He said that had Gallagher misjudged his
“super dangerous” driving at North Beach, the
“attack” on the other driver could have been
something more serious. The result could have
been a murder charge, Judge Murfitt said.
He convicted Gallagher on all charges,
sentenced him to 120 hours’ community work
and 12 months’ super vision, and disqualified
him from driving for six months.
He also ordered Gallagher to pay $300
reparation for the damage to the other car.
“That cluster of consequences is designed
to ensure you actually pay the price for your
— Westport News
Buller council’s chief executive most expensive
West Coast firefighters will be pitting
their skills against each other tomorrow,
The Cobden Volunteer Fire Brigade
will host the West Coast Provincial
Fire Brigade Association challenge at
the Greymouth High School sports
field, which doubles as the fire training
Cobden deputy fire chief Gavin Skeats
said ‘hose on the ground’ would be at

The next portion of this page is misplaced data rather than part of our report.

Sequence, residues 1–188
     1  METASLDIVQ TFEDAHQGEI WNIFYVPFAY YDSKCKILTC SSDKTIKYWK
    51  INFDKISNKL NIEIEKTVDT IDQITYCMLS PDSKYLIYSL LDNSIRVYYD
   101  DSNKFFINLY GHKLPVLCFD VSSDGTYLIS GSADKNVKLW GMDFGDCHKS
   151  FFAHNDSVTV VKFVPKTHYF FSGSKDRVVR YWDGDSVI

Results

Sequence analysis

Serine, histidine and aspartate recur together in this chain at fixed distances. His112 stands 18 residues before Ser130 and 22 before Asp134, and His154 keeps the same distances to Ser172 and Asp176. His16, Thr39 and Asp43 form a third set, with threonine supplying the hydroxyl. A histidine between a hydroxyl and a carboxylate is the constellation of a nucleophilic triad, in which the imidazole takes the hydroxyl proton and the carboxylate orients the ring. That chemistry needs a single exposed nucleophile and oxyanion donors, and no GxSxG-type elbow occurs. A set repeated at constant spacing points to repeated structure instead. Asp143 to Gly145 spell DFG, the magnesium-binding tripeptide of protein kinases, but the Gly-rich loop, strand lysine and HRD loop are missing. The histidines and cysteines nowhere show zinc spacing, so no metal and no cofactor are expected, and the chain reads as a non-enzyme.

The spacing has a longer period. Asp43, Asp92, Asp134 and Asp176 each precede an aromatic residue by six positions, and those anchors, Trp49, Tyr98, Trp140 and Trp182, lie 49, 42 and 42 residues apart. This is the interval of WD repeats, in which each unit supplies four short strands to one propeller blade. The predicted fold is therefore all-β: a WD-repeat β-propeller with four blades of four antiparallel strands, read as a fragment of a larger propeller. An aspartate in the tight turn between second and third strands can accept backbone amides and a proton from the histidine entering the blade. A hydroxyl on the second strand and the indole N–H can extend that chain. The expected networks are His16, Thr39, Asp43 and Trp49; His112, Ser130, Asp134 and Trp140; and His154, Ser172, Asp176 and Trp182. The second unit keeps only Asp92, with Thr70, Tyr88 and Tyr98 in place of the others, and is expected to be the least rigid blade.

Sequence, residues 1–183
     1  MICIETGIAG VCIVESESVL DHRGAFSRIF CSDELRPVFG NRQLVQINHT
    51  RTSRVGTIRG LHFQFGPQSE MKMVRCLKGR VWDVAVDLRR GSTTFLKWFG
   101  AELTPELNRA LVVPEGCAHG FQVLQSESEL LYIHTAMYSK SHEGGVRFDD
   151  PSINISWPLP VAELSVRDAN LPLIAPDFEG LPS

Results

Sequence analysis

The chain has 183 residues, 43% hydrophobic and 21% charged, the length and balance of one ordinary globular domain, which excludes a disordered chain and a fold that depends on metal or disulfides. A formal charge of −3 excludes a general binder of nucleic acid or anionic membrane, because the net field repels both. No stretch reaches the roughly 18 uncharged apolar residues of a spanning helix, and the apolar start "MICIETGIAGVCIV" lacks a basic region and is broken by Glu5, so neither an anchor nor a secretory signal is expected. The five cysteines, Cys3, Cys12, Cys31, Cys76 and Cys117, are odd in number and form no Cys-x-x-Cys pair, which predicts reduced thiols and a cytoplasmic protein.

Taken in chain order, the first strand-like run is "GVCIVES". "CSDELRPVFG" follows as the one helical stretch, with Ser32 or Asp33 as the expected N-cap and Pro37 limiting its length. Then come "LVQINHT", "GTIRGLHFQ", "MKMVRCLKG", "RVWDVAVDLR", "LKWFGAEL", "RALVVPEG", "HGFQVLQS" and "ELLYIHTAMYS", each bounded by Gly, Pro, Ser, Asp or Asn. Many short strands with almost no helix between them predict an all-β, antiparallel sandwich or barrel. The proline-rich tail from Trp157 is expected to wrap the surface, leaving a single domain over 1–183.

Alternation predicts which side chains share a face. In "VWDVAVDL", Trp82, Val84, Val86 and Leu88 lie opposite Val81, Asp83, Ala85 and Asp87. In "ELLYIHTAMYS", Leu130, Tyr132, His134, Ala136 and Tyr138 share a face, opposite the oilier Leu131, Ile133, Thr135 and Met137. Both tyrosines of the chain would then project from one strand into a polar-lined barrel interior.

9.30am with a 10am start.
The competition, involving nine two
and four-member teams testing their
mettle, continues until about 4pm.
Teams from Greymouth, Runanga,
Kumara, Brunner, Hokitika and Ross
will be competing alongside the current
national champions — a two-man team
from Rangiora and a Christchurch
Mr Skeats said the West Coast fire
teams would be particularly focused on
improving their skills tomorrow, given
the regional competitions for the top of
the south for the United Fire Brigade
Association (UFBA) were due to be held
in Ross next month.
The best access for spectators would be
from High Street, with a sausage sizzle
and coffee cart on hand for those wishing
“ We call it the competition of
firefighters. It’s firefighters honing their
UFBA member Jason Prendergast
said there should be some good
competition with the national title
holders two-man team from Rangiora
on the ground.
The UFBA region three (top of the
south) finals at Ross next month would
be an important date as well, with
teams set to go on to the nationals near
Whangarei later wanting to “step up